Tools of the Trade will be a regular Tuesday feature on the blog, but I got a bit behind this week.
I'm a big fan of Netroots Nation. In addition to the basic concept of trying to gather as many bloggers and Netroots activists together in one place, which is a great idea, there are so many things available for anyone who attends the convention that it's difficult to know where to begin.
One of the key offerings were the 90 or so informational and training sessions. From the DFA training school, to issues-specific sessions on any issue you can think of from Iraq to the subprime crisis, to blogging on military affairs or at the state level, to hot elections to learning to infuse comedy and improve in your work, pretty much anything you wanted to learn about, you could.
There was also a day filled with caucuses for various bloggers and activists based on demographics, favorite blogs, issues and various other topics (such as the "Geek" caucus). And if you couldn't find a session or caucus that you liked, you had the option of creating your own, there were two dedicated rooms that people could use to create self-organizing caucuses.
Throughout the even there were a number of keynote speeches. Thursday offered both an outdoor rally and a keynote speech with Howard Dean, Friday offered the battle of wits between Markos Moulitsas and Harold Ford, the latter who was booed when he praised Fox News, Saturday morning Nancy Pelosi answered questions, Al Gore did as well, Donna Edwards gave the evening keynote, Lawrence Lessig gave a wildly entertaining lunch keynote and on Sunday Van Jones and Gavin Newsom were on tap. Sprinkled throughout were appearances by local politicians, prominent bloggers and hilarious comedians such as Baratunde Thurston and Katie Halper.
You could also spend a lot of time in the exhibition hall, where hundreds of blogs, nonprofits, interest groups and businesses set up booths to inform people about their mission, provide demonstrations, give out literature and reports on numerous issues, sign up members, give away free bumper stickers, buttons and other swag, sell books and t-shirts and engage in the ever-present exchange of business cards.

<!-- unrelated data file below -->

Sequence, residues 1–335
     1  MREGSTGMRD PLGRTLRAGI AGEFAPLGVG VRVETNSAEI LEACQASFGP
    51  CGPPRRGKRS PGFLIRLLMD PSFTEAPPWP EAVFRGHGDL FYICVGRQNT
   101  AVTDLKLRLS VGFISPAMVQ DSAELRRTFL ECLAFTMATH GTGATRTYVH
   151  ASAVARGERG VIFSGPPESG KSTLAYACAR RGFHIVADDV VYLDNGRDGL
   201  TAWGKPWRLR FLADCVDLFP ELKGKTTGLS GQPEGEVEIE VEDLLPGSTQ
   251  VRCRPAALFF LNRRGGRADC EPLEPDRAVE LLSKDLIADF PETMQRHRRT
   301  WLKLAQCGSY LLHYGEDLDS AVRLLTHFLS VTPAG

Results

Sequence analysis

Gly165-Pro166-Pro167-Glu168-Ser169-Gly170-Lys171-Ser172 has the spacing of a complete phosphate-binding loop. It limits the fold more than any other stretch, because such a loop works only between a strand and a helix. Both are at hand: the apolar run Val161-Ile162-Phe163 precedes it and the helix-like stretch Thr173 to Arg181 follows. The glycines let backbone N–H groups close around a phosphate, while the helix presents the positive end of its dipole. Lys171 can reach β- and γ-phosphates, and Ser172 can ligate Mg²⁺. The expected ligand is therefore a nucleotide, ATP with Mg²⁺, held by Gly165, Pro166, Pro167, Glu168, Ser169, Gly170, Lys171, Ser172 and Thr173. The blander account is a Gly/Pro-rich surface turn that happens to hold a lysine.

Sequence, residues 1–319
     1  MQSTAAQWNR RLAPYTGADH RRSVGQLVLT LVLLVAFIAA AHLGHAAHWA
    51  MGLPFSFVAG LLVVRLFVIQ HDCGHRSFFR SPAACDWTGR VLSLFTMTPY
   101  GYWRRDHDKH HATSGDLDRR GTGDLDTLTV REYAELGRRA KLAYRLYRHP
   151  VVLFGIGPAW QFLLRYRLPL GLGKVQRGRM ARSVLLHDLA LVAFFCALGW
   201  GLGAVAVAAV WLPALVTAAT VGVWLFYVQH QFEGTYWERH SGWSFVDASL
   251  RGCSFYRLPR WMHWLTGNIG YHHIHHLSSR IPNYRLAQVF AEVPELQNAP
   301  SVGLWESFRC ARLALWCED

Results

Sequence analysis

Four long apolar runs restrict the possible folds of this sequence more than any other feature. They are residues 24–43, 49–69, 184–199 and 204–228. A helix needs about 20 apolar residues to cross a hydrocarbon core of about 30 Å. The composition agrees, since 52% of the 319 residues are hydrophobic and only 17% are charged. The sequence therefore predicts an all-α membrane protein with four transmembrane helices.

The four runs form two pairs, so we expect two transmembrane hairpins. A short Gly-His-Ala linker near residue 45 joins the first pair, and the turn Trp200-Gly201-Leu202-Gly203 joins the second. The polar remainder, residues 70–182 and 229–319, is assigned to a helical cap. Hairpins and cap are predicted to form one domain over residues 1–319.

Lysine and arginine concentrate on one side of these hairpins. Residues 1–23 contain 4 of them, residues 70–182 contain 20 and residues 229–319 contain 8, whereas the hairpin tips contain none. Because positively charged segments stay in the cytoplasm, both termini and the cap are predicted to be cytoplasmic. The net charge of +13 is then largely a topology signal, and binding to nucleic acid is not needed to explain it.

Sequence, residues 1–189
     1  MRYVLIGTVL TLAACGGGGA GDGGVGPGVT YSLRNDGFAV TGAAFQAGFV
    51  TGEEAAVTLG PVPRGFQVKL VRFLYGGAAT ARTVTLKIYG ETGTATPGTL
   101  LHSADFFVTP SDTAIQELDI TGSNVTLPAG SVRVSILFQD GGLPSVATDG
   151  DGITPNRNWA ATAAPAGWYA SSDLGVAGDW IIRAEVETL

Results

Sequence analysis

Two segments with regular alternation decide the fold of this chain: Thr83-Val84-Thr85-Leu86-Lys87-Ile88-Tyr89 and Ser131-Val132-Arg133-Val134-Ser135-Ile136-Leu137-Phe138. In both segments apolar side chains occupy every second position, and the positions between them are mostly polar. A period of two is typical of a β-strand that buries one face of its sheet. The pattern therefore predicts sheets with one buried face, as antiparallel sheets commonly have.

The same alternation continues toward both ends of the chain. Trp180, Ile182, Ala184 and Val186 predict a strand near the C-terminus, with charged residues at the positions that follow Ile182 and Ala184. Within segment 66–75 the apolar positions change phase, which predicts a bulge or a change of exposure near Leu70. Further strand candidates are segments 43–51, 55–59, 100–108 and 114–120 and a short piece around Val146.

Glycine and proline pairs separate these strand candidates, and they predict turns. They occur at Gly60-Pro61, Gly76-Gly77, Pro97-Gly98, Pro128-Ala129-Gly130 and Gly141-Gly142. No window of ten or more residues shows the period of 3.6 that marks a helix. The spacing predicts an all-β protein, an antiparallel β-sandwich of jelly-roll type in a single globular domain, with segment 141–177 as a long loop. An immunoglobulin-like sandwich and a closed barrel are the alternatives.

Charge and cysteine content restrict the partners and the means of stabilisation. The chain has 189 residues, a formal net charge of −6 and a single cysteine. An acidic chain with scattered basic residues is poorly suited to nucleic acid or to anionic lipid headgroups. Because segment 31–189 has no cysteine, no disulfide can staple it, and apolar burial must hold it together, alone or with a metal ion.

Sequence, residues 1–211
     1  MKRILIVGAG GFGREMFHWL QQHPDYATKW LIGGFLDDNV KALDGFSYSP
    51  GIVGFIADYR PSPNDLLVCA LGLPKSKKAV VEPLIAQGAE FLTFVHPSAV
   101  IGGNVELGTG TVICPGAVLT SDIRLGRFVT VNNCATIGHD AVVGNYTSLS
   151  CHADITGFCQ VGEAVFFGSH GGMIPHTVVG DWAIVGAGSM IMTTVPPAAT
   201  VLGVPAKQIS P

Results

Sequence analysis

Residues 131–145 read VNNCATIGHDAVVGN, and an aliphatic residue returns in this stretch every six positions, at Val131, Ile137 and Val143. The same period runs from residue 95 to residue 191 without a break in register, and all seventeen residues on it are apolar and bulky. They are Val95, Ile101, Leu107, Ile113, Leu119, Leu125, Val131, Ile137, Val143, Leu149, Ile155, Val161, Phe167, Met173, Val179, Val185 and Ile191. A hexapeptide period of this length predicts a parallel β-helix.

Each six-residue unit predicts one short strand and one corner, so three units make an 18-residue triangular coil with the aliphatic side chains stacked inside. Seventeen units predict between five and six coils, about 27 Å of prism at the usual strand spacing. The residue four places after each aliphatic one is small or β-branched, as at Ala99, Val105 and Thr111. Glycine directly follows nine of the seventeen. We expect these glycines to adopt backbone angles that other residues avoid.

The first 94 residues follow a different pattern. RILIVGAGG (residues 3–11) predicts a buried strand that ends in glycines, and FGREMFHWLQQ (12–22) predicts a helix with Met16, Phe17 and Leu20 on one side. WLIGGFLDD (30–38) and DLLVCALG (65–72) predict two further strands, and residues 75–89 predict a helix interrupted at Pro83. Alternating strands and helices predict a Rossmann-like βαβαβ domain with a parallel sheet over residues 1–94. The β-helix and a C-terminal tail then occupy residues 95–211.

And then there were the parties, oh the parties. There were too many of them to count and most of them were good. Many of them offered free drinks and/or food and most of them had great groups of people at them. There were big parties like the Netroots Candidates event (that featured three Florida candidates Annette Taddeo, Alan Grayson and Joe Garcia) with more than 1,000 people, a mixer with various authors of progressive books, the already-legendary party at Maggie May's, the celebrity bartender event, and the nightly parties in the DFA suite.
The point of the parties wasn't just fun, though, it was all about networking. Where else can you get to have breakfast with Joe Garcia and Markos Moulitsas and they actually listen to you? Where else can you have conversations with hugely popular national candidates like Darcy Burner and Donna Edwards. Where else can you be walking down the hall and bump into Bob Barr (seriously, what the hell was Bob Barr doing there?) More importantly, this is a place where you get to interact with as many different bloggers and Netroots activists as you want to. It's where you get to put names to faces and learn about what successes and failures people have in other states. It's where you meet so many people who are doing amazing things that you grab every business card, e-mail and phone number you can because you can't possibly remember it all. It's where you go to get re-inspired and to come away with new ideas and new approaches to accomplishing the things you want to accomplish.
And there were a host of other happenings that I never even had a chance to get to, from the numerous original films that were screened on site for free, the care package for the troops event, a Sunday morning interfaith service, the Pub Quiz, a career fair and other multimedia presentations.
Now, I will say that Netroots Nation isn't without its critics, but like many things, the convention is what you make of it. If you want it to be a fantastic learning and networking experience, it will be. If you want it to be something else, it can be that, too, for good or bad. With more than 2,500 participants this year, I'd say it's safe to wager that there were more than 2,500 different experiences, no two alike, and very few that didn't involve significant increases in knowledge and contacts, or at least a good time. I got all three.